Bündnis 90/Die Grünen
Green politics Winfried Kretschmann 30.3%
47 / 143
2 CDU Christian Democratic Union of Germany
Christlich Demokratische Union Deutschlands
Christian democracy Susanne Eisenmann 27.0%
42 / 143
3 AfD Alternative for Germany
Alternative für Deutschland
Right-wing populism Bernd Gögel 15.1%
23 / 143
4 SPD Social Democratic Party of Germany
Sozialdemokratische Partei Deutschlands
Social democracy Andreas Stoch 12.7%
19 / 143
5 FDP Free Democratic Party
Freie Demokratische Partei
Classical liberalism Hans-Ulrich Rülke 8.3%
12 / 143

In addition to the parties already represented in the Landtag, sixteen other parties contested the election:[7]

# Name Candidates
6 The Left (LINKE) 70
7 Ecological Democratic Party/Family and Environment (ÖDP) 67
8 Pirate Party Germany (Piraten) 4
9 Die PARTEI (PARTEI) 52
10 FREE VOTERS (Freie Wähler) 69
11 Humane World (Menschliche Welt) 2
12 Alliance C – Christians for Germany (Bündnis C) 9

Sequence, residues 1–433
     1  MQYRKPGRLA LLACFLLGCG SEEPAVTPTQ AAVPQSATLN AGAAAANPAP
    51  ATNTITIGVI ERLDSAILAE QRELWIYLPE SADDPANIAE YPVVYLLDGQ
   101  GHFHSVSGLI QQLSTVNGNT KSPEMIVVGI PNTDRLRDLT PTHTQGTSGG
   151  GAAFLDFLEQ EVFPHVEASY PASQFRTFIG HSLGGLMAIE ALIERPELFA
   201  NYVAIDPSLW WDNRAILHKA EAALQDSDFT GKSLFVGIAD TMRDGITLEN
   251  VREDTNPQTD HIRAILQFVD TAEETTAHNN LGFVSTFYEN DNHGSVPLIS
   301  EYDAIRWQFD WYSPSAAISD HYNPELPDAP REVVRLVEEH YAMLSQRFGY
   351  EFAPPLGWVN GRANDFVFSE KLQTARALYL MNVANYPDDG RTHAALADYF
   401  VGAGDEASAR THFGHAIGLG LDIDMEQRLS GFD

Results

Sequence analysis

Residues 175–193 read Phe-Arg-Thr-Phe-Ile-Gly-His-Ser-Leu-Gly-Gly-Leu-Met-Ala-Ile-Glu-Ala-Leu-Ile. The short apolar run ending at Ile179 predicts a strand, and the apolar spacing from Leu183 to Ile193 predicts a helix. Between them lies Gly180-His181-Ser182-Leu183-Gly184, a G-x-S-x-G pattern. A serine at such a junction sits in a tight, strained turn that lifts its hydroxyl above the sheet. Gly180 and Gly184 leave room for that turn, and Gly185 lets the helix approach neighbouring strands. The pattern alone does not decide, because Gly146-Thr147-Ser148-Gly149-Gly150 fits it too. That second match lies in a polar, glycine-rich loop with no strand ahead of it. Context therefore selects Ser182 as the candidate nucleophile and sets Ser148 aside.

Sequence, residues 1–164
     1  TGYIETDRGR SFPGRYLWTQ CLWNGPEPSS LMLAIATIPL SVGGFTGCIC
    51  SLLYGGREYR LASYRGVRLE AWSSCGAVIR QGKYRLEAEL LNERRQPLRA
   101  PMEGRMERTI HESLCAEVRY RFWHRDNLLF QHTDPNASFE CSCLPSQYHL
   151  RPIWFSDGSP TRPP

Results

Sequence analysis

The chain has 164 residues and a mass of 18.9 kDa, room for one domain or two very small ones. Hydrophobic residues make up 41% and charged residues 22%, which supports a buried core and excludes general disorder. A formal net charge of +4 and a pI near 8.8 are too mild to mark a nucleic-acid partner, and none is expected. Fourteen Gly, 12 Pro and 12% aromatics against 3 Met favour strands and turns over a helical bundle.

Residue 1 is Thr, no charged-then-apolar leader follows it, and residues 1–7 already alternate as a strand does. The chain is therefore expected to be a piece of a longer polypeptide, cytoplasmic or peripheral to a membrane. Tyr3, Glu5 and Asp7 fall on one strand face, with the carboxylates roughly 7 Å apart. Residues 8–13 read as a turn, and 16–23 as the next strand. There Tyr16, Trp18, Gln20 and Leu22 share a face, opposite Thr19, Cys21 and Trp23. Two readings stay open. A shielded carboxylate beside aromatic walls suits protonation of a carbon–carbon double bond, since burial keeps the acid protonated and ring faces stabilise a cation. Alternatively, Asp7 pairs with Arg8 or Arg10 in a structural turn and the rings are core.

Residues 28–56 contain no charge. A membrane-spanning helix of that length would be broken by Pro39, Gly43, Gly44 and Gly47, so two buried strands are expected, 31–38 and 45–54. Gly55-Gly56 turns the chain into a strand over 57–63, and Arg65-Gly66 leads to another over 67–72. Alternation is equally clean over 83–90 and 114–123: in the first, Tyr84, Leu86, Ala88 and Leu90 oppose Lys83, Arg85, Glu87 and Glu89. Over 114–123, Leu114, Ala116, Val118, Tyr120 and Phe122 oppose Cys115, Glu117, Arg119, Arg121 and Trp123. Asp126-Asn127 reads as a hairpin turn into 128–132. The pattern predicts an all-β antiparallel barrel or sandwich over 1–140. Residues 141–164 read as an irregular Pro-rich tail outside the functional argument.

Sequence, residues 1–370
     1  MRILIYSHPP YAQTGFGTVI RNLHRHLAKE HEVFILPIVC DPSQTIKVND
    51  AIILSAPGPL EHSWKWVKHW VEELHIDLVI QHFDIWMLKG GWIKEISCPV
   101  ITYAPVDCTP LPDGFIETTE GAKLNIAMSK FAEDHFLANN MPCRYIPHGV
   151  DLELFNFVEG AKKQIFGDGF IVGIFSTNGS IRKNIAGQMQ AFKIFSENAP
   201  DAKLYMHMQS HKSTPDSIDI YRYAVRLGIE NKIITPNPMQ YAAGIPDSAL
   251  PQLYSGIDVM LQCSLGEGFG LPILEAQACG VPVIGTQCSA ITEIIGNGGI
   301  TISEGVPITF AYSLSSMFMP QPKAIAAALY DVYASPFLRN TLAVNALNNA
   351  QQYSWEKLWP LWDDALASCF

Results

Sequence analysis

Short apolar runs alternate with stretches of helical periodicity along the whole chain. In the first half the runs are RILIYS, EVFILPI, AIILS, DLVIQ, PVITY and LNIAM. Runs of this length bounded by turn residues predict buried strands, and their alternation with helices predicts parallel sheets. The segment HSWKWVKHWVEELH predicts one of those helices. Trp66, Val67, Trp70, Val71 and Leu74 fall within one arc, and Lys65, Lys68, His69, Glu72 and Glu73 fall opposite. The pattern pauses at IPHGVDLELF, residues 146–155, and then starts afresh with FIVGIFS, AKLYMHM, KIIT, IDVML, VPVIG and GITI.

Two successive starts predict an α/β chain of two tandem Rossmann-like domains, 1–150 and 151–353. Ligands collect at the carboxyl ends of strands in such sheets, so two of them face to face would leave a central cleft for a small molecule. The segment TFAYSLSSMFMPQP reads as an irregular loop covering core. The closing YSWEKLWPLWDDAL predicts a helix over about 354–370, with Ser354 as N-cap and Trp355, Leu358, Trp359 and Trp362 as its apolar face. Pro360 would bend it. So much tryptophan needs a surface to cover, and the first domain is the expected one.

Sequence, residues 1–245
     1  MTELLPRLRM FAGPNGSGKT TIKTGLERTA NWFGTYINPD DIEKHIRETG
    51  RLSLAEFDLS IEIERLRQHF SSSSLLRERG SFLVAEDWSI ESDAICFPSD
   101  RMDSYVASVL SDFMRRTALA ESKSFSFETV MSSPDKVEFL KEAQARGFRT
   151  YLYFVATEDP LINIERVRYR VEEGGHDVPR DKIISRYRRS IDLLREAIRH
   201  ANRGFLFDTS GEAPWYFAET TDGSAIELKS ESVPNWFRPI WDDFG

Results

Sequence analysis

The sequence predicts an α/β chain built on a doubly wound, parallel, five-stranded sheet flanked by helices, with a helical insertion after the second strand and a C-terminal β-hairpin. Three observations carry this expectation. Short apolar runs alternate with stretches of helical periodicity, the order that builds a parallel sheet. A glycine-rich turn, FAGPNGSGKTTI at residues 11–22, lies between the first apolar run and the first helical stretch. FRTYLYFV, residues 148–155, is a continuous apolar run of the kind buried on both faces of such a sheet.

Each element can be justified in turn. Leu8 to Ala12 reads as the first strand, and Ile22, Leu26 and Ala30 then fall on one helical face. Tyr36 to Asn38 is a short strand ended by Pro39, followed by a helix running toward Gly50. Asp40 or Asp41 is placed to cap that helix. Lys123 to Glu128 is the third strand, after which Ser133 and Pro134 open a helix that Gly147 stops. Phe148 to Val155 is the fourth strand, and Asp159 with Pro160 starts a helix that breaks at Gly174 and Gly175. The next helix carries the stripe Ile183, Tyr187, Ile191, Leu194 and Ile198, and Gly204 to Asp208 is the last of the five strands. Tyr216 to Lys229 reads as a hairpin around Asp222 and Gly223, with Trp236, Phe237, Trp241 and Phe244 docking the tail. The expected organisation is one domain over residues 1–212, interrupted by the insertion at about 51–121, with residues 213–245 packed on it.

13 German Communist Party (DKP) 1
14 dieBasis – Grassroots Democratic Party of Germany (DieBasis) 60
15 Democracy in Motion (DiB) 3
16 One for All – Party 1
17 Climate List Baden-Württemberg (KlimalisteBW) 67
18 Party of Humanists (PdH) 3
19 Party for Health Research (Gesundheitsforschung) 2
20 Party WIR2020 (W2020) 68
21 Volt Deutschland (Volt) 44

Campaign[edit]

Lead candidates[edit]

On 29 May 2019, state Minister for Education, Youth, and Sports Susanne Eisenmann was confirmed as the CDU's lead candidate for the election.[8]

On 12 September 2019, Winfried Kretschmann stated that he would stand as the lead candidate for The Greens in the 2021 election, seeking a third term as Minister-President.[9]

On 1 February 2020, state party leader Andreas Stoch was nominated as the SPD's lead candidate for the election.[10]